Today we will tell you today is national what day. If it is a notion so little and badly shared on the different continents, it is indeed that of social justice. And when the United Nations General Assembly proclaimed world day for social justice on February 20, it certainly measured the distance that separated the wish from certain realities.
She called on Member States to celebrate World Day by conducting concrete activities at the country level to promote the goals and objectives of the World Summit for Social Development.
World Day for Social Justice February 20
This day has been since 2009 and should remind everyone that governments are committed to making poverty eradication and unemployment a priority. Strengthening justice, promoting equity, democracy, participation and transparency are the main lines of work proposed by the Assembly.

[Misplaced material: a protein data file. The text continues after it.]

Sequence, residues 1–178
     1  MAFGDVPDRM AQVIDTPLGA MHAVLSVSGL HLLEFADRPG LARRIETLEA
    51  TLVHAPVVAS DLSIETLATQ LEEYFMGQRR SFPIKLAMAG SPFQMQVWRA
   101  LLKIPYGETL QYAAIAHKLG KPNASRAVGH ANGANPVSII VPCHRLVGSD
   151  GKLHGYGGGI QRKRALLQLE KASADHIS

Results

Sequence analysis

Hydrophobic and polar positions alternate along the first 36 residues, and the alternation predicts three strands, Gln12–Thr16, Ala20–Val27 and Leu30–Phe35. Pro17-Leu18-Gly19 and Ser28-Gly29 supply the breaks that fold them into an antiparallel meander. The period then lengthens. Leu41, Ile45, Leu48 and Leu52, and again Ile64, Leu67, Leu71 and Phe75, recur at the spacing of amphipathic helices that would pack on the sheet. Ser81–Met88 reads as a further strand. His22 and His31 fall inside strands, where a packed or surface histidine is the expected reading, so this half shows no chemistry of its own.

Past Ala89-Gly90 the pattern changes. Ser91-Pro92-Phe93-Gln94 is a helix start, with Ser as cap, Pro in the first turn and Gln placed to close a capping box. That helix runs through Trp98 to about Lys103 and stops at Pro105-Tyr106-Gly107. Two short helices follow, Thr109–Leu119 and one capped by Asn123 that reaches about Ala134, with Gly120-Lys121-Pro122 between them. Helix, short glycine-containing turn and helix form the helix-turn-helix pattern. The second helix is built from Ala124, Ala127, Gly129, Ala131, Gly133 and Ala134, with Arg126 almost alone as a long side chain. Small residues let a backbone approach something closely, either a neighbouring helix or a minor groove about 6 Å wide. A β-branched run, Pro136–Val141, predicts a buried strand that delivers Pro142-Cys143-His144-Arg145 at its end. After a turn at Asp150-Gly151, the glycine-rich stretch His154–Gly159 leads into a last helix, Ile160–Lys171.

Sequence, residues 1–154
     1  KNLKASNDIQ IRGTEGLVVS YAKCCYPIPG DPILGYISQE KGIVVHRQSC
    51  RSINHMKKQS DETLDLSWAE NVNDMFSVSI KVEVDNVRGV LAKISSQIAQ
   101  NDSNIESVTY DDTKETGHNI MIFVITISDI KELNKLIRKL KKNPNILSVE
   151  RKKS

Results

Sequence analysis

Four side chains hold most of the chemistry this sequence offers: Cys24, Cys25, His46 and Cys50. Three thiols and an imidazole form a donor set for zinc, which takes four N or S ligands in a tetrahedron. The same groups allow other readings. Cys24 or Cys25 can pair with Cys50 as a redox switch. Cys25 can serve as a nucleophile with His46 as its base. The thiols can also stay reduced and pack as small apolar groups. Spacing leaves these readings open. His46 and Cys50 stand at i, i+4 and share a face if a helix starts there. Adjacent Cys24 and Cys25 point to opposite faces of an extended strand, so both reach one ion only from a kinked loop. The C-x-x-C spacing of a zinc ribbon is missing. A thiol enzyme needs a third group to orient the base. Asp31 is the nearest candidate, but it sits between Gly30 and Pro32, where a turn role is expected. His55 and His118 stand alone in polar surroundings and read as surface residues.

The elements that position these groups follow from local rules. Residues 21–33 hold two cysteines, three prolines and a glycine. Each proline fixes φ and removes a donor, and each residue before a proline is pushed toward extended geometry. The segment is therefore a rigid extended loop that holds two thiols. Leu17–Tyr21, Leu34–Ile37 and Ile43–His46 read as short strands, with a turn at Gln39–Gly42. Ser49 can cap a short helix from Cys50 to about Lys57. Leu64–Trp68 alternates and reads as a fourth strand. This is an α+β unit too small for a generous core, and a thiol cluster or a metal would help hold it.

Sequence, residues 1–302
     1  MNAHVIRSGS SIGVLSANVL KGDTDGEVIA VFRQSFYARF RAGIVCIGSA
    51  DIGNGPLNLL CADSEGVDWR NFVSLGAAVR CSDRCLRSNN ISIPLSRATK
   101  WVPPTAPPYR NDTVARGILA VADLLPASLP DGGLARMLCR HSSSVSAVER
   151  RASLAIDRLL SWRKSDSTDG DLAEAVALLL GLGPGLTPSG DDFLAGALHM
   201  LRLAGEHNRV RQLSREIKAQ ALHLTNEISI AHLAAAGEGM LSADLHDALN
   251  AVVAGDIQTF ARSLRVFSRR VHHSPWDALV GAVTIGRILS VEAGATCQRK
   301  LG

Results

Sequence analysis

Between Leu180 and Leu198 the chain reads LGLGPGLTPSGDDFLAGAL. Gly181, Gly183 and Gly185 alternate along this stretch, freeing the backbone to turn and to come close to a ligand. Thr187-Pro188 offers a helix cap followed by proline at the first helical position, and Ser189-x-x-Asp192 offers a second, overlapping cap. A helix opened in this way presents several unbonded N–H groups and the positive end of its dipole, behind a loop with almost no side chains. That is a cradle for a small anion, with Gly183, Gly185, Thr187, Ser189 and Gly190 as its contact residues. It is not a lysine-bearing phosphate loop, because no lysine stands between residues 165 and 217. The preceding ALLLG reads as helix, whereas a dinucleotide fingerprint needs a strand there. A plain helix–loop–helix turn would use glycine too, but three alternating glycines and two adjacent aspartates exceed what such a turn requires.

But where does it come from?
To speak of social justice invariably leads us to question the origin of this notion. Usually historians point to the emergence of this struggle at the beginning of the 20th century, at the time of the first organized reactions against the all-powerful industrial society and its insolent display of wealth alongside the extreme poverty of the working class.
On the one hand, the fighting led to real awareness and, in practice, to significant advances in labor law, at least in the developed countries.
Some have seen the direct influence of Marxist thought, others have moreover recognized the affirmation of a current of humanistic thought in connection with the emergence of the social doctrine of the church promoted by Pope Leon XIII.
It is not up to us to arbitrate this debate. The important thing was that it took place and that the awareness of one and the other could have made progress. The reasons for rejoicing exist, those of being alarmed too, for in too many countries the notion of social justice remains a wishful thinking and is not taken into account in governmental reflections.